Meet Maitreyi: An Indian Sage and Philosopher Who Knew Metaphysics

Meet Maitreyi: An Indian Sage And Philosopher Who Knew Metaphysics

In Vedic society, women enjoyed a position of parity and reverence with the male members of the society. Several Rishis of the Vedic period were also females (Rishikas). The Rig Veda identifies the role of female Rishis and asserts that “the entire world of noble people bows to the glory of the glorious woman so that she enlightens us with knowledge and foresight.” Moreover, the Brihadaranyaka Upanishad highlights that female seers such as Gargi and Maitreyi were great dialecticians, philosophers and visionaries.

Yajnavalkya was an ancient sage who was celebrated for his distinguished and uncontested wisdom. He holds the authorship of sacred texts like the Yogayajnavalkya Samhita and Yajnavalkya Smriti. Moreover, the seminal, Brihadaranyaka Upanishad has two chapters devoted to his philosophical doctrine. He had concretely established the proposition of Non-Duality/ Advaita. Yajnavalkya had two wives, namely, Maitreyi and Katyayani and it is believed that both of them differed with regards to symbolism. Maitreyi is the symbol of a learner/ scholar and Katyayani is the symbol of being a homemaker; being grounded in mundane reality.

Picture 1
Front cover of the book, The Brihadaranyaka Upanishad, translated by Charles Johnston, 2016.

Maitreyi, the seeker and speaker of the knowledge of Brahman (Brahma Vidya) and Vedic Truths, was ensuingly stamped as a Brahmavadini. As a female sage, she explored the realms of metaphysics, spirituality, and theology in order to obtain knowledge about the nature of the Atman (individual soul), Brahman (supreme soul), and their unity. To add, 10 out of the thousand hymns of the Rig Veda are ascribed to her. The most salient facet of her intellectual journey revolves around the sense of spiritual companionship between her and her husband, Yajnavalkya. In point of fact, it is supposed that she has copiously contributed to the spiritual and intellectual growth of Yajnavalkya.

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A Pictorial Representation of Maitreyi.
Source: DevvratYoga.

There is a glorious dialogue between Maitreyi and Yajnavalkya that concerns the instance when Yajnavalkya decided to surrender his worldly possessions and retire to the forests. Before commencing an ascetic lifestyle, he approached Maitreyi to make a final settlement of all his material belongings. With her philosophical temperament, Maitreyi reacts by asking: “Lord, if all my possessions were to fill the entire earth, would they bring me immortality?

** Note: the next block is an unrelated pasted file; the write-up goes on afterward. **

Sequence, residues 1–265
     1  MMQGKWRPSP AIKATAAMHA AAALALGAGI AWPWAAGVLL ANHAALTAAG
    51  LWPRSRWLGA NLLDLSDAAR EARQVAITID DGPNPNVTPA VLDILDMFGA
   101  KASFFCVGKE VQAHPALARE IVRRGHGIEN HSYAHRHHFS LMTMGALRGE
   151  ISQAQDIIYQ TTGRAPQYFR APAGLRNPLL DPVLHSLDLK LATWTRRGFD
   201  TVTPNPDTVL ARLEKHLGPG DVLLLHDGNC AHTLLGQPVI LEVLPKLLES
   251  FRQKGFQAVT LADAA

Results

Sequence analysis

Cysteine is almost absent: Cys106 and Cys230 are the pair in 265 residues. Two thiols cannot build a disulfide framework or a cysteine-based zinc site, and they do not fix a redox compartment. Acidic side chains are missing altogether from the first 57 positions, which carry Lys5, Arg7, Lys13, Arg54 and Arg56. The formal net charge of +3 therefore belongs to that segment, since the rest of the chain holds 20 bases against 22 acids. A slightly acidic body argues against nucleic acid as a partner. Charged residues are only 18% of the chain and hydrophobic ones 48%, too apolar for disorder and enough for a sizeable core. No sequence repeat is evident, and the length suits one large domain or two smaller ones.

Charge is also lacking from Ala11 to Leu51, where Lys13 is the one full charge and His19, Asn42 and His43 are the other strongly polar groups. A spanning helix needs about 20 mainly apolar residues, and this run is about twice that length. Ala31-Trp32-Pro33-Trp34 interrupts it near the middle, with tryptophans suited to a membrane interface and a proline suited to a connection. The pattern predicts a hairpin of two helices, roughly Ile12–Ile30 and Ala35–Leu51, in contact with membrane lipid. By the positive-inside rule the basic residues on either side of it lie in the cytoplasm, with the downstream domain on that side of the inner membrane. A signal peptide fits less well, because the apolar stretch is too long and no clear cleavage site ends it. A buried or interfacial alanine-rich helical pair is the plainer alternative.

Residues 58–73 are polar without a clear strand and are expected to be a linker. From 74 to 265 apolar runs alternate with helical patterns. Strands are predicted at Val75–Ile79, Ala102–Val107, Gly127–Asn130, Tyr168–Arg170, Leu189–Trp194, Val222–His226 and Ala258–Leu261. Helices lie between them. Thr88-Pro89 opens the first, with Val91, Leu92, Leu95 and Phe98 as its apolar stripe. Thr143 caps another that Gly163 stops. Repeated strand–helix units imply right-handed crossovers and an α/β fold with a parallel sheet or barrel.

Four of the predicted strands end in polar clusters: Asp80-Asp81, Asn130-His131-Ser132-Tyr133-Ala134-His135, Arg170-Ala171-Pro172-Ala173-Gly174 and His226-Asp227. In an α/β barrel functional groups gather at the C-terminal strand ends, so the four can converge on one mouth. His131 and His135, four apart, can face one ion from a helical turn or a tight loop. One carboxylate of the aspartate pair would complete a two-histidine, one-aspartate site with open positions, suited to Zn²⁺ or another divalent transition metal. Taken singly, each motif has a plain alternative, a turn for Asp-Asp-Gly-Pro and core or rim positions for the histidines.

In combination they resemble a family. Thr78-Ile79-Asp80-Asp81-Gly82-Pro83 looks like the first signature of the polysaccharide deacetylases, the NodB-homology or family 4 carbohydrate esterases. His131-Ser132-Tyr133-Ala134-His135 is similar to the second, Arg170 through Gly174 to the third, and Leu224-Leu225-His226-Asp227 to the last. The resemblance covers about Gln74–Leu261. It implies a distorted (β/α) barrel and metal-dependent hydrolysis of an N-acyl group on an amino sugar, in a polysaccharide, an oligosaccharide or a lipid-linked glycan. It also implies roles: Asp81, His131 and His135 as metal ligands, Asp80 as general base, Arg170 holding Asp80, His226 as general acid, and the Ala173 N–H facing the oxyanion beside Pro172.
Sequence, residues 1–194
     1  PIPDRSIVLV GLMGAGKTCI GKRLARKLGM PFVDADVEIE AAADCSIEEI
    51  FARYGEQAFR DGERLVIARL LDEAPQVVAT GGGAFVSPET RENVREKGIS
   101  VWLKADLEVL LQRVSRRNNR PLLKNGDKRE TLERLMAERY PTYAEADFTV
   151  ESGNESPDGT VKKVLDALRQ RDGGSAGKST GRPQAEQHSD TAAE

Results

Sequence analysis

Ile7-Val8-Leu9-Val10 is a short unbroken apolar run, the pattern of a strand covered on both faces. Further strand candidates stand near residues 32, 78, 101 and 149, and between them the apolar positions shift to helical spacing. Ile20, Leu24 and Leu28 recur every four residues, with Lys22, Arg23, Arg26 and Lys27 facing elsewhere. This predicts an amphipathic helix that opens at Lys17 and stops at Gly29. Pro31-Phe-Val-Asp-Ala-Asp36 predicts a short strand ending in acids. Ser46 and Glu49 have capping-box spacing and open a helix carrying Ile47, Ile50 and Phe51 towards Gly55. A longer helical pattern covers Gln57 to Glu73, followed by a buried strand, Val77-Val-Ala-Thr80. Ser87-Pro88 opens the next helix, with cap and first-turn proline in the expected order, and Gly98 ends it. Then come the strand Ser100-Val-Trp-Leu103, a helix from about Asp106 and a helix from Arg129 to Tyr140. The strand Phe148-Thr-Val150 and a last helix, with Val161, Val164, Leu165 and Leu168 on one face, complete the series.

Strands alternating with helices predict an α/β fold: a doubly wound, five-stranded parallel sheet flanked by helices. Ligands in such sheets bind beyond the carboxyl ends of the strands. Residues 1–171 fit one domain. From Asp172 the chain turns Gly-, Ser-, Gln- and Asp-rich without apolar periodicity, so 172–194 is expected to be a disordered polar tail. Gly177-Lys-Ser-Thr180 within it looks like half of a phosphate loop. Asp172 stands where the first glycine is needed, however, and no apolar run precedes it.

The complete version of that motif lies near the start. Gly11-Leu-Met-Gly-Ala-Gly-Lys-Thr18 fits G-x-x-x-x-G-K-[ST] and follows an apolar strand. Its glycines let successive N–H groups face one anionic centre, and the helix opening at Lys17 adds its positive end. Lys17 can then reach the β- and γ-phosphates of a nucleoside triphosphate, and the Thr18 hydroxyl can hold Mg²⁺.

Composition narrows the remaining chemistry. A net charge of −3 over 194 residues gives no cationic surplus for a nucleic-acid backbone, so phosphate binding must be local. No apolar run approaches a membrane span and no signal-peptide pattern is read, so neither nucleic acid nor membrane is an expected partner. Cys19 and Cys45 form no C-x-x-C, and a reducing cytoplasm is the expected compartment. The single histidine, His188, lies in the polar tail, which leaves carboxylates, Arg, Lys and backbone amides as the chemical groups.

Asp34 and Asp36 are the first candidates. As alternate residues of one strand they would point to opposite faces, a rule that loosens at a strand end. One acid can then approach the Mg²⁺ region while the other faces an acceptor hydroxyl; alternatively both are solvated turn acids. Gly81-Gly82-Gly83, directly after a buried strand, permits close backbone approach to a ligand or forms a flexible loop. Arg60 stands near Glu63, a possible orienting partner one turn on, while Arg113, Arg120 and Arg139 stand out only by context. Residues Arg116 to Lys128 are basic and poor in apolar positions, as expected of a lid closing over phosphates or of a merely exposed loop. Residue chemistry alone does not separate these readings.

Yajnavalkya was afflicted with Maitreyi’s esoteric question and replied that immortality cannot be attained through wealth or by dwelling in worldly affairs. He adds to this and tells her that nothing exists separately from the self and only awareness of the Parmatma (Supreme Soul)is cardinal for the realisation of absolute truth. He says: “The Parmatma is in everybody and everybody dwells in the Parmatma. So, if you gain knowledge about Parmatma, then you will gain knowledge about everything.” Thus, Yajnavalkya enlightens Maitreyi with ultimate reality by shrinking everything to one elementary concept, i.e., the Parmatma.

They, then acutely discoursed on the idea of love, the concept of ultimate truth, the status of the soul, infinite knowledge and the path to liberation.

The Brihadaranyaka Upanishad has multiple episodes of this famed dialogue between Maitreyi and Yajnavalkya projecting layers of themes from both stances. It is evident that Maitreyi studied metaphysics along with her husband and was involved in subsequent transcendental discussions. Through the practice of cautious listening, reflecting and speaking, Maitreyi was able to attain the elevations of knowledge. Indeed, profound philosophical interactions with her husband helped her dive deep into the metaphysical and spiritual understanding of reality and reflect on the fruits of the scholarly exchange.

Seemingly, Maitreyi was an epitome of rebellion, affirmation and vigour. She was one of the most cultivated and virtuous women of classical Indian antiquity. Maitreyi is remembered as a philosophical student and is regarded as the best representation of women intellectuals in India; in the past and even today. She is an icon for women in contemporary times due to her contemptible intellect, sharpened psychic expertise and magnificent verbal ability. Recognising the wisdom of Maitreyi certainly inflates our view of Indian Feminism and tenders to inestimable lessons for us, modern revolutionaries.

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About the Authors

Aastha Mishra

Aastha Mishra

Assistant Professor, Philosophy, Mata Sundri College, University of Delhi. New Delhi, India.

Rashi Mittal

Rashi Mittal

1st Year, BA, Philosophy Student, Mata Sundri College, University of Delhi. New Delhi, India.


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